Each season “has been a one-up of the previous season,” not only in terms of the quantity of VFX shots, but also the degree of interaction between the CG and the characters, Orloff continued. “In season one, the survivors were always in a battle or at arm’s length from the aliens,” he pointed out. “Then the characters became more sophisticated in the way they fought back, and there was more interaction between the VFX elements and the actors. We had to create more complex segments with the same realistic feel as the rest of the show. In season three, you can expect a lot more in-depth exploration of the world of Falling Skies.”
Colin Cunningham (left) leads The Berserkers who join up with the Second Mass survivors. Photo: James Dittiger.
Not all of the VFX for the show are related to alien creatures and structures. There’s a considerable amount of more conventional VFX work in every episode, too. “The environment everywhere is battle-scarred, so we extend sets and augment damage to the environment,” said Orloff. “We add muzzle flashes, and if there’s a new bomb, missile or gun, we implement how that technology works. The blue muzzle flashes from the mechs’ machine guns can get quite complicated. Fans will see more eye candy of this nature in season three.”
Since the survivors move from place to place on the show “there are a lot of greenscreen driving” shots involving vehicles of all kinds. Although a wide range of locations has been found in the Vancouver area, matte paintings and virtual environments also are deployed “so the environment you see on screen conforms to the script.”
A menacing Mega Mech, animated by Zoic for season three, sets its sights on the survivors. Photo: TNT.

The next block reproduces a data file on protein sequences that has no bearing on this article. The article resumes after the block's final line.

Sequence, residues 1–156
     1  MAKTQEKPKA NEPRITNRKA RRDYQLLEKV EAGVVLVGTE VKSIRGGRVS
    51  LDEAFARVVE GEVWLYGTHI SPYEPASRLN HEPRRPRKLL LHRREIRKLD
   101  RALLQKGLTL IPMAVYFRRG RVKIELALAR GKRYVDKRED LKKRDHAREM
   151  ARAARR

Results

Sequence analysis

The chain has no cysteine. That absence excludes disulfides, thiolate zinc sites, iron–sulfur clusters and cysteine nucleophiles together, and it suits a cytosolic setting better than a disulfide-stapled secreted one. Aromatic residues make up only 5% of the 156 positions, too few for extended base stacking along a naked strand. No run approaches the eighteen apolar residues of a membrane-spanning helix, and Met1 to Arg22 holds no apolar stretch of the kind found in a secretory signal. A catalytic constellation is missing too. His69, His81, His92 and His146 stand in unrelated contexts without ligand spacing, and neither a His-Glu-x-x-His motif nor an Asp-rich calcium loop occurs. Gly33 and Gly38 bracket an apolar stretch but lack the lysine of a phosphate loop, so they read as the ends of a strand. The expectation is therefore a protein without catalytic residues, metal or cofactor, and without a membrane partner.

Hiding from mechs marching along the crest of a ridge. Photo: TNT.
Zoic’s work was split between its LA and Vancouver studios for the first two seasons, but for season three all of the VFX are based in Vancouver. “I moved up here to grow this office,” Orloff said. “All told, we have 35-40 really talented people working on the show.”
Shots are allocated according to artists’ strengths. “Some are very good at robots, some at alien architecture or spacecraft,” he said. “We give shots to those who specialize in each area; you need a lot of expertise in these fields.”
Unlike the post-production for many network shows, which continues through the season, often running right up to an episode’s air date, Zoic finished season three of Falling Skies just before the episode’s debut.
A Mech, animated by Zoic for season three, sets its sights on the survivors. Photo: TNT.
Establishing an efficient pipeline
At the core of VFX production for Falling Skies are Autodesk Maya for 3D animation, The Foundry’s Nuke for 2D compositing and Chaos Group’s V-Ray for rendering. But it’s the proprietary Zoic File Browser (ZFB) and Studio Manager that ensure a smooth and efficient workflow.